Continued provision of care to patients with COVID-19 involves balancing increasing healthcare capacity with sustaining revenue generation. Previous models have addressed the expected healthcare burden of COVID-19 in various ways, but have not addressed revenue generation. To our knowledge, ours is the first to report case distribution and financial contribution of elective surgeries. We incorporated state specific billing data, reporting the relative contribution of elective surgeries to gross hospital revenue, and case counts, by MDC code. Our study informs the relative financial and capacity impact from selective resumption of elective cases. Further, we model the expected increase in bed capacity from cancelling these surgeries. Tsai et al previously estimated 1.7 excess COVID-19 patients per hospital bed and 4 excess patients per critical care bed assuming a 40% cumulative infection rate over 12 and 18 months, and an aggressive 50% bed availability [17]. Similarly, Murry used occupancy data from Medicare and Medicaid patients to estimate a capacity gap of 17,000 ICU beds and 64,000 hospital beds at peak infection assuming some measure of social distancing [18]. Our study differs from these by modeling disease transmission under a lower infection rate (5%) but faster course (100 days) than Tsai et al, and in a worse-case scenario without complete shelter in place orders, which 9 states do not currently have [19]. We also incorporated state-specific data for elective case volume and temporal variation. We demonstrated substantial state-level variation in overcapacity. This suggests an opportunity for regional cooperation and resource redistribution.

Our results are generated using a financial denominator of total inpatient revenue plus outpatient surgical cases, and do not account for the Medicare population that is not insured by Part C. We determined overcapacity values using consistent rates of infection across the population in less than 100 days and assumptions that regional rates are equal [6, 17, 18]. It is important to note that we applied rates of disease progression from regions prior to enforced distancing. Consistent with this, we assumed a stable rate of disease progression of 100 days since first case and do not account for policy responses to the pandemic, such as closure of non-essential service and stay-at-home orders, which are highly variable across states. It is important to note that patterns of gross hospital revenue and ICU bed use were based on the MS population which is not necessarily reflective of the U.S. population as a whole. In particular, patients included in MS carry private insurance through employers or employer-sponsored Medicare. Thus our cohort may be biased towards younger, healthier, and more affluent individuals and patterns of healthcare usage are likely to vary for the overall population. Our models assumed that all non-emergent cases would be postponed, however the degree to which a non-emergent procedure can be considered elective varies by patient age, comorbidities, etc. and our values may overestimate the proportion of surgeries that would truly be delayed.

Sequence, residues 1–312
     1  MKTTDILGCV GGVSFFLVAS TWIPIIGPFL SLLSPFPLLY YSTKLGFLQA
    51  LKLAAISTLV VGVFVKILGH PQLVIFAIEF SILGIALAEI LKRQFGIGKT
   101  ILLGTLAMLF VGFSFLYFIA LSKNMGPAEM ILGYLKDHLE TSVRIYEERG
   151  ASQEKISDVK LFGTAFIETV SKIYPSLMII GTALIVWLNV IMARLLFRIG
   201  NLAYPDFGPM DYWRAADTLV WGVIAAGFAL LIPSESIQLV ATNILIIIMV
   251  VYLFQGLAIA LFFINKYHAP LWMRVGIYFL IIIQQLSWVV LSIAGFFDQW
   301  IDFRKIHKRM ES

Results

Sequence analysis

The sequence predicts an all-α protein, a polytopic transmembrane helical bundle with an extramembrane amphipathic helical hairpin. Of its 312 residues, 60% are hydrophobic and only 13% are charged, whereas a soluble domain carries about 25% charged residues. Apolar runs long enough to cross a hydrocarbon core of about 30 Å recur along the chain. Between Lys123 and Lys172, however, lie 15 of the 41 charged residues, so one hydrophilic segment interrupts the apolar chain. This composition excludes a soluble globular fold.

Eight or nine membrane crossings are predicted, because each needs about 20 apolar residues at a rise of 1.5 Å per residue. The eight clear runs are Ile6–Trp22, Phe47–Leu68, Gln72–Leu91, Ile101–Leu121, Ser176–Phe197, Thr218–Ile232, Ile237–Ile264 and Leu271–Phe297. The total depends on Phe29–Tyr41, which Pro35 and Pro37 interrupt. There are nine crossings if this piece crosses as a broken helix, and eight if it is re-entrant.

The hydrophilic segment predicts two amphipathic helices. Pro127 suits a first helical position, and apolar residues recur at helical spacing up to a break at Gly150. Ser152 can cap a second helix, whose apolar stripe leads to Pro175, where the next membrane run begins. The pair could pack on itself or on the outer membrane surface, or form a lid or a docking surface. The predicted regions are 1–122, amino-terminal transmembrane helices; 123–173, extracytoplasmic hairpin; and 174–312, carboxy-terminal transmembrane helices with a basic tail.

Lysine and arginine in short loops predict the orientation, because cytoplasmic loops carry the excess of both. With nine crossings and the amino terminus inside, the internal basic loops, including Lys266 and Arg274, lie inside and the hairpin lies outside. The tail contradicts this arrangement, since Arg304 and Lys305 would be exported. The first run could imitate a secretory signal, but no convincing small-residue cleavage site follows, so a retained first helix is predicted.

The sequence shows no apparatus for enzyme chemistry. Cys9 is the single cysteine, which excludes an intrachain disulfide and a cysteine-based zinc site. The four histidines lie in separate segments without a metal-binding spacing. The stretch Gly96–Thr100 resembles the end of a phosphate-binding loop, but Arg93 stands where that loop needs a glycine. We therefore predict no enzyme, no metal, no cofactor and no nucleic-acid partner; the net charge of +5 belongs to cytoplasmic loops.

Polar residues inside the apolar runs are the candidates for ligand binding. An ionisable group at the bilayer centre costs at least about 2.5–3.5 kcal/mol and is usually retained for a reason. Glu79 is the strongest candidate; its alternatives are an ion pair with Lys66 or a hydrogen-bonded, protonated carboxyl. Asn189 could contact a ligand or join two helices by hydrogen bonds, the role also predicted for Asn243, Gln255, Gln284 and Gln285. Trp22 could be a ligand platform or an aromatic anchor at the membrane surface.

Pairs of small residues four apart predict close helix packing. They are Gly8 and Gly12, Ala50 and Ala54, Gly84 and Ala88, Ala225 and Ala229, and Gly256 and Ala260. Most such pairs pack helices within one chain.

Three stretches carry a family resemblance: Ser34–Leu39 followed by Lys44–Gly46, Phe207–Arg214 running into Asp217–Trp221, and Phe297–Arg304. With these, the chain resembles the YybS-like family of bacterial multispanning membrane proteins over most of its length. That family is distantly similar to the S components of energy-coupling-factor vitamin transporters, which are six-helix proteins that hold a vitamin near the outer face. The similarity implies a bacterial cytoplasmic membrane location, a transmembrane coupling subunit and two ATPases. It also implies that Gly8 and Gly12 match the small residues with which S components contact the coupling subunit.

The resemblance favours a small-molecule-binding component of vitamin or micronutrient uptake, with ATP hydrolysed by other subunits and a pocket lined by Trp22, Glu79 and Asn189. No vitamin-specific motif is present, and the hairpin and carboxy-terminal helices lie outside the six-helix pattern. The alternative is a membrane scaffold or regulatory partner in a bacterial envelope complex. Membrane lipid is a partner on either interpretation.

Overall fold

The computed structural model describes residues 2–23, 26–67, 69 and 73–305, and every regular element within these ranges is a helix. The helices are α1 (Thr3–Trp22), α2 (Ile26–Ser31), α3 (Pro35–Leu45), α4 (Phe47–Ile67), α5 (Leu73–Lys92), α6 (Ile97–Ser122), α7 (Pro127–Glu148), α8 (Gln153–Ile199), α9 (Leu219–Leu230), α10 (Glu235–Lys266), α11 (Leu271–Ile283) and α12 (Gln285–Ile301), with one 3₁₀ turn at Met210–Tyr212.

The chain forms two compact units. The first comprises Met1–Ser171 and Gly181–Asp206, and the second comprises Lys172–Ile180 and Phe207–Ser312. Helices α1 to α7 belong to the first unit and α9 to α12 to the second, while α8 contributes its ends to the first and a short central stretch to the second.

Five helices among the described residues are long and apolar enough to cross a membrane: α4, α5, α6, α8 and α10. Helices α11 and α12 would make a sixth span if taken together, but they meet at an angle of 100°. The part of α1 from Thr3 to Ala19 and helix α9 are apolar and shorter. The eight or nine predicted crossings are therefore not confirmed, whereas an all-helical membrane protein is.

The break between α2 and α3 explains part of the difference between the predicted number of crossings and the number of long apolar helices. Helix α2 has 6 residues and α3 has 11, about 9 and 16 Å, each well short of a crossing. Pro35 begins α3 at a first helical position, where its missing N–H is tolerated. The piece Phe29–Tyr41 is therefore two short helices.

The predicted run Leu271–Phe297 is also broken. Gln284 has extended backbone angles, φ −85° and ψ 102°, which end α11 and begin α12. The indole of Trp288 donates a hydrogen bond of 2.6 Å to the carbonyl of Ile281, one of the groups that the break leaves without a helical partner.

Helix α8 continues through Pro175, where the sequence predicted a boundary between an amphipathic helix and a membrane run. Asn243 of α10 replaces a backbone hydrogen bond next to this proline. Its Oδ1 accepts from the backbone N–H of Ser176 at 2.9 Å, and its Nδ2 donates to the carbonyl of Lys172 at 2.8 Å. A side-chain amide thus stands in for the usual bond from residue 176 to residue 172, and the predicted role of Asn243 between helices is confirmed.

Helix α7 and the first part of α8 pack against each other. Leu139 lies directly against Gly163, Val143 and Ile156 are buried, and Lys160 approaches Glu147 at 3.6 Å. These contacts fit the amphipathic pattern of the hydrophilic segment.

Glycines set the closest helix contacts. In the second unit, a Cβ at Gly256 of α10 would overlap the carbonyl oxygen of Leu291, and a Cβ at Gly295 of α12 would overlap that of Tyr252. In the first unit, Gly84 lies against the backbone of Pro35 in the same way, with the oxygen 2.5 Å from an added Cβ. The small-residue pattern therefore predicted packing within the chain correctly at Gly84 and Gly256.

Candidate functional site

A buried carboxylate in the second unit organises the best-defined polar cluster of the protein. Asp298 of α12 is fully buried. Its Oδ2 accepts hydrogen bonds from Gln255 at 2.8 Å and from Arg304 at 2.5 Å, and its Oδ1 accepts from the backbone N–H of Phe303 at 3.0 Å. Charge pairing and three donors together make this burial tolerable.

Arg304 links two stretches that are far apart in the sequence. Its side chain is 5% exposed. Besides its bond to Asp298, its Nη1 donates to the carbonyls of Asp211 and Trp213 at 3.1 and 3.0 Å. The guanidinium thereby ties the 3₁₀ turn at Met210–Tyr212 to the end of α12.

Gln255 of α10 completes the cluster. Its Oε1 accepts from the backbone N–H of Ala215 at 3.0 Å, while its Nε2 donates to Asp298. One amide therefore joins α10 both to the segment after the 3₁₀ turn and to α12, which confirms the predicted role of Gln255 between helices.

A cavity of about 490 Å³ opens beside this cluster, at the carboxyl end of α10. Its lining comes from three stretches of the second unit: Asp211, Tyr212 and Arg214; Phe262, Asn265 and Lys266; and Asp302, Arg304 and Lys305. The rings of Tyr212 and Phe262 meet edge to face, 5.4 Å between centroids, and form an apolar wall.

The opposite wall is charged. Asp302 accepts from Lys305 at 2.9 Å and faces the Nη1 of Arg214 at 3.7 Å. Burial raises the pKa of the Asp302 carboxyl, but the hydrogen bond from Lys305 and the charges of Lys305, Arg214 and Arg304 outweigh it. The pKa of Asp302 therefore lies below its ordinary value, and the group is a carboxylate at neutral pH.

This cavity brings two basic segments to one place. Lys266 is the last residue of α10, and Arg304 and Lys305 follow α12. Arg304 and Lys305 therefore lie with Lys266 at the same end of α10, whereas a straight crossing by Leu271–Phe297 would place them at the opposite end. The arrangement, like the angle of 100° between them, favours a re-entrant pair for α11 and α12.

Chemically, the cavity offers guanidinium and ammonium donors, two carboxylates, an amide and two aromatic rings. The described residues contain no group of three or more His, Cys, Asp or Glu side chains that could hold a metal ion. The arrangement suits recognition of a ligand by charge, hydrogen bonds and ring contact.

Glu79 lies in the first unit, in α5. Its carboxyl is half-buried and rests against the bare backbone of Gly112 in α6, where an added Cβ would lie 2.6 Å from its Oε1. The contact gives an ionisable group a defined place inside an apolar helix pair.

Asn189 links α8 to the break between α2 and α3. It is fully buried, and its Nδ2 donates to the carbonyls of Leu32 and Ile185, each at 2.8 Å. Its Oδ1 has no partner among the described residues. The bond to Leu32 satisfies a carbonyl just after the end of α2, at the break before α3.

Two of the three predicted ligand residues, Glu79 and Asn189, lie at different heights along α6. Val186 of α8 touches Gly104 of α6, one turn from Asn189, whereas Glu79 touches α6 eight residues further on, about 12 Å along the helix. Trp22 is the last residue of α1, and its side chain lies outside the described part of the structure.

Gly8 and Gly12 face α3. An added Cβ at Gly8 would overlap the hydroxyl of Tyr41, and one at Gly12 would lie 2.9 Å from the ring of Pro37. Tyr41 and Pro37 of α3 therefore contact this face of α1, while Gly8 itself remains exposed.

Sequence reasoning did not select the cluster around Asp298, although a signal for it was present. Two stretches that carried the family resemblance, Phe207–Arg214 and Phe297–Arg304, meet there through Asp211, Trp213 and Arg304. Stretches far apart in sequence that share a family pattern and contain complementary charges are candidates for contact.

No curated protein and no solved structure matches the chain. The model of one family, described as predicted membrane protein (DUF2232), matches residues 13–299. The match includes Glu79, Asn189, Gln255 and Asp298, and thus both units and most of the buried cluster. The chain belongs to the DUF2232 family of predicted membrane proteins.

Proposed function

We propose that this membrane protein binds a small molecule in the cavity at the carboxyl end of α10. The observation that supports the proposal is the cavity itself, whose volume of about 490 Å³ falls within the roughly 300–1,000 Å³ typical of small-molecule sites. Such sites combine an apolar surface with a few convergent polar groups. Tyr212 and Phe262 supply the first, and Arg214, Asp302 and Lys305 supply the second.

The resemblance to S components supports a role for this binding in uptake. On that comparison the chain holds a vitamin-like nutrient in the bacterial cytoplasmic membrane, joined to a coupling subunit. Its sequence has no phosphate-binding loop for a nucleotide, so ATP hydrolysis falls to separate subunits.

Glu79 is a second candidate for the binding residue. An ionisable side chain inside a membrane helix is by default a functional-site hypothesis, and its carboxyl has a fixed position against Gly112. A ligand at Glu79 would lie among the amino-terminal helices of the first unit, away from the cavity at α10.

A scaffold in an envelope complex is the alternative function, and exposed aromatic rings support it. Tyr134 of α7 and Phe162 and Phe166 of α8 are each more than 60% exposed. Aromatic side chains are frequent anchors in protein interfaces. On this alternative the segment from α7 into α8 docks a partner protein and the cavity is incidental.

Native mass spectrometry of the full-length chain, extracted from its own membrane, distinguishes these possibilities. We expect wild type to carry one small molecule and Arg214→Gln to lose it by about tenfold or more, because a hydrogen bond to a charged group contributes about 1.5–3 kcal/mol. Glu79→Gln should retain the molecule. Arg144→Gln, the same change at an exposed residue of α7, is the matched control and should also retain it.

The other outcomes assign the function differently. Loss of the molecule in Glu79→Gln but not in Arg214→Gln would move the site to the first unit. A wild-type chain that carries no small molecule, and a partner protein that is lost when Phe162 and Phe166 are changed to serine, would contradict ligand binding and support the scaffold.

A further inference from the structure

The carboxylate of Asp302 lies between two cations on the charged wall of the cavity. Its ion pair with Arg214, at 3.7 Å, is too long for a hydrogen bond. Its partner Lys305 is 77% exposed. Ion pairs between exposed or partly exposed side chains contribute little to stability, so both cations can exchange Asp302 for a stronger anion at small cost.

Elective inpatient surgeries account for 27% of hospital and ICU beds and 43% of gross revenue, which varies substantially by specialty. Among elective cases, musculoskeletal, cardiovascular and digestive MDC categories account for the largest contribution to hospital gross revenue, at 33%. The greatest contribution of bed capacity comes from musculoskeletal, pregnancy and circulatory categories. The cancellation of elective surgery will result in a substantial increase in hospital and ICU bed capacity, though this will vary between states, and at significant financial cost. If Universal Mask wearing is followed in all public locations, states do not reach overcapacity levels on average.

Availability of data and materials